Chestnut Trees and Chestnuts
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Chestnut Information

Chestnuts have been part of our diets for thousands of years. Our diets find chestnuts appealing because they are high in carbohydrates and vitamin C and no cholesterol. A serving size is 143 grams (about 7 large pealed chestnuts) provides:

Carbohydrates 76g (includes below sugars and fiber)
Sugars 15g
Dietary fiber 7g
Protein 5g
Fat 3g
Sodium 3mg

Chestnuts are almost always consumed after they are cooked. Some people do eat chestnut raw. Chestnuts can be cooked with the following methods:

Roasting in pan or oven (fresh only)
Boiling (fresh or dried)
Microwave (fresh only)
Deep frying (fresh only)

When fresh chestnuts are part of a recipe, dried chestnuts can be boiled until soft as a substitution for fresh chestnuts. To learn more about preparing chestnuts in foods click on this link.

Chestnuts can be stored for extended periods (up to a year) by drying them completely and storing in a sealed container. Storing fresh chestnuts can be challenging. Fresh chestnuts do not store well even in refrigeration. Fresh chestnuts can go bad just as many other fresh food items do with molds, fungus, bacteria, and yeasts. Washington Chestnut Company has an ongoing research project to help identify best ways to process chestnuts so they are less susceptible to going bad. For more information about storing chestnuts follow this link.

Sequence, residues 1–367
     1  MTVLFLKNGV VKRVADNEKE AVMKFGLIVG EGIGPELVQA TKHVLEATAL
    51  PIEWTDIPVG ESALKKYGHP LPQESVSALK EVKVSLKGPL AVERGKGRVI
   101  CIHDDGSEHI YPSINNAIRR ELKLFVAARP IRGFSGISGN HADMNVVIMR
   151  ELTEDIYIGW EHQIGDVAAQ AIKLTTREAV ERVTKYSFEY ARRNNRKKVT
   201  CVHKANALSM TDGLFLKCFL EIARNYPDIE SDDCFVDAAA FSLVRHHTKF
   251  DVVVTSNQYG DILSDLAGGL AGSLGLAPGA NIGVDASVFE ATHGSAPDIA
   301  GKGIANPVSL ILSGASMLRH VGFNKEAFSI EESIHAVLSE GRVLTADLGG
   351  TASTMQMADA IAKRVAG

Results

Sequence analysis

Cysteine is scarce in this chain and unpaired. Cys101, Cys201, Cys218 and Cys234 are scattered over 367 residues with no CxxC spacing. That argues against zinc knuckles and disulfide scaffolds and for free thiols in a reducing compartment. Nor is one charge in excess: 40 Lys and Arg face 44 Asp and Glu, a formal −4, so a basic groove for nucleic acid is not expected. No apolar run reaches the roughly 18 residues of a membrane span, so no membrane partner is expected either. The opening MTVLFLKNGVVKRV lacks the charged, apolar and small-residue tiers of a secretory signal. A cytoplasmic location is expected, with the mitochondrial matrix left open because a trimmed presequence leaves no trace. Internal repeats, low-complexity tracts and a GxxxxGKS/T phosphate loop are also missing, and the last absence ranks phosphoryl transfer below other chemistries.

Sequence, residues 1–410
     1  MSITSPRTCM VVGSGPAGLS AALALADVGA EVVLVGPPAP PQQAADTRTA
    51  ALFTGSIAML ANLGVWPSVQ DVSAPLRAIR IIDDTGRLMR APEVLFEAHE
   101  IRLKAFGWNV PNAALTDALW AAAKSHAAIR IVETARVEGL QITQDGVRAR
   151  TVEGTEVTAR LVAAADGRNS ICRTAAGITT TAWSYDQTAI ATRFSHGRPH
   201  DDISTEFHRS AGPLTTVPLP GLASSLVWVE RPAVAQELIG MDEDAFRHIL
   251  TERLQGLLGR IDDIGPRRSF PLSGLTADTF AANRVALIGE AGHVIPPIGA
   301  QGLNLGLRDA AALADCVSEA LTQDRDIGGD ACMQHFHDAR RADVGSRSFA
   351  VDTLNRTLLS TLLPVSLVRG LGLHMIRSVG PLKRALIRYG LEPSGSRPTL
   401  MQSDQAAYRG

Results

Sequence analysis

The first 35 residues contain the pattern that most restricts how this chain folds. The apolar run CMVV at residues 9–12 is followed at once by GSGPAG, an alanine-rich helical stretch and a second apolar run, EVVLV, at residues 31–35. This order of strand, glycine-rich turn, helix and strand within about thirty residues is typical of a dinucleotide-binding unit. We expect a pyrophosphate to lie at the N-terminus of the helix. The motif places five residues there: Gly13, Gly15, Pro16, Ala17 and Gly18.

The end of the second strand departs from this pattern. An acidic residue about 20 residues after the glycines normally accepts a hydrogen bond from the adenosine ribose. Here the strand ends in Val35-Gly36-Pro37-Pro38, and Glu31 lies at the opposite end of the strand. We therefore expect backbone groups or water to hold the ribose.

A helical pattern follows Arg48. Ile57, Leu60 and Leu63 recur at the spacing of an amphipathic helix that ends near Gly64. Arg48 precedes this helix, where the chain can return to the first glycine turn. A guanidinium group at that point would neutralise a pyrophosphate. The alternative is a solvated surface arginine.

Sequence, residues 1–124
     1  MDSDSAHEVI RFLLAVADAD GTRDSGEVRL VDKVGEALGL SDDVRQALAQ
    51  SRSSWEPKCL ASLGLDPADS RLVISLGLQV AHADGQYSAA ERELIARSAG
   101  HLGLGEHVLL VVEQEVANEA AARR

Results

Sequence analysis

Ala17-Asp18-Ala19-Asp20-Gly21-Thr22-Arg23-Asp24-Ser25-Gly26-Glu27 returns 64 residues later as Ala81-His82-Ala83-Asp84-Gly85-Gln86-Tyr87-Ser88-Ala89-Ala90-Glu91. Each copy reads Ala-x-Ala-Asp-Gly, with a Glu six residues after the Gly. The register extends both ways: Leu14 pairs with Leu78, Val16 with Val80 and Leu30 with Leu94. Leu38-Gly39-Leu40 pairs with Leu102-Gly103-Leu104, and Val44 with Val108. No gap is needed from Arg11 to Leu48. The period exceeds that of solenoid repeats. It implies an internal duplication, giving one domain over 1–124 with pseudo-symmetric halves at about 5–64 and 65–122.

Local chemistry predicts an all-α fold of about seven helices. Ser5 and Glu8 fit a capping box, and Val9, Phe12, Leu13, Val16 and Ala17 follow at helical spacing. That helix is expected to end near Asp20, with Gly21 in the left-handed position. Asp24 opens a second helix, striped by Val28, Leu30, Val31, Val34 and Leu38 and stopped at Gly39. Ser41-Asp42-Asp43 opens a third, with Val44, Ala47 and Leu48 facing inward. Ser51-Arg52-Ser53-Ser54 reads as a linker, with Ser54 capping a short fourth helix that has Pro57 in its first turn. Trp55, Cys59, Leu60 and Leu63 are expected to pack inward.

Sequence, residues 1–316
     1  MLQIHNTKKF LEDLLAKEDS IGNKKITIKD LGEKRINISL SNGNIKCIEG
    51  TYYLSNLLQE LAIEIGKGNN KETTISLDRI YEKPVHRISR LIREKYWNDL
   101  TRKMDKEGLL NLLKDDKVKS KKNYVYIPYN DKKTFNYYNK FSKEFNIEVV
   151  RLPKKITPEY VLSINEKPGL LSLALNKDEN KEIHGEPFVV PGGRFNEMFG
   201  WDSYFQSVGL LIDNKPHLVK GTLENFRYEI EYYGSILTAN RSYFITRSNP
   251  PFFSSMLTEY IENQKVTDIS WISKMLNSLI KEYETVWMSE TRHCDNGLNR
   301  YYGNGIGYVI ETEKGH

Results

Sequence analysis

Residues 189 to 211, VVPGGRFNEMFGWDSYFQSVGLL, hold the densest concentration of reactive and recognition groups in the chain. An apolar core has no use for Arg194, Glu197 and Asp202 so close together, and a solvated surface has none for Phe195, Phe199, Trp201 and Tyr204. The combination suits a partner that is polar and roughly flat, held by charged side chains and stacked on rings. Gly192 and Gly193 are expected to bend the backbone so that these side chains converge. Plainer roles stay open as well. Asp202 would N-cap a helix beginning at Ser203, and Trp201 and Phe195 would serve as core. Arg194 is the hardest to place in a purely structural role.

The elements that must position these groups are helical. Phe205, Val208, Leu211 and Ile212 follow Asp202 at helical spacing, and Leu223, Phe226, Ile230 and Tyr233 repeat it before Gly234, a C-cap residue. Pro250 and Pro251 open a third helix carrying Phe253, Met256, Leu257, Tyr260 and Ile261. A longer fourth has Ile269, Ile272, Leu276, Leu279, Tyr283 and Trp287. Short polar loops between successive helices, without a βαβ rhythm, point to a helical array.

Chestnuts are grown on all continents except Antarctica. There are native chestnut species on North America, Europe, and Asia, Casual research for identifying the top tasting cultivars demonstrates that hybrid European chestnuts are preferred by consumers. Most cultivars of European chestnut types are susceptible to chestnut blight. Because chestnut blight is common in North America (East of the Rocky Mountains) European hybrid chestnut can not be grown. Instead most commercial chestnut growers grow Chinese hybrid chestnut trees that have resistance to chestnut blight. For more information about chestnut blight click on this link.

Do you want to grow your own chestnut tree? Growing a chestnut tree can be as simple as putting a chestnut in the ground and pray that it sprouts into a tree. Chestnuts do not keep the same characteristics as the mother tree it came from. Most of the time (90 some percent of the time) the chestnuts are not very good. Most commercial chestnuts are produced on grafted trees using known good parents of named cultivars. For more details of growing chestnut trees and some of the cultivars click on this link.


 
 
Contact Information:

Farm Location:
6160 Everson Goshen Rd
Everson, WA 98247
Ph: (360) 966-7158
Fax: (360) 966-7994
Email: chestnuts.wa@gmail.com


Business Offices:
Washington Chestnut Company
6160 Everson Goshen Rd.
Everson, WA 98247
Ph: (360) 966-7158